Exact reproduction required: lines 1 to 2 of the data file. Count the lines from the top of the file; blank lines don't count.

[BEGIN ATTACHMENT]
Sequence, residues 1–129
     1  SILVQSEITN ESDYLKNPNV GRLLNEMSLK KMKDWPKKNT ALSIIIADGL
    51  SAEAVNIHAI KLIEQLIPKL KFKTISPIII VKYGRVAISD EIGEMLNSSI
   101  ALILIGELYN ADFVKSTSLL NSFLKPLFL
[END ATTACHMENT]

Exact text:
Sequence, residues 1–129
     1  SILVQSEITN ESDYLKNPNV GRLLNEMSLK KMKDWPKKNT ALSIIIADGL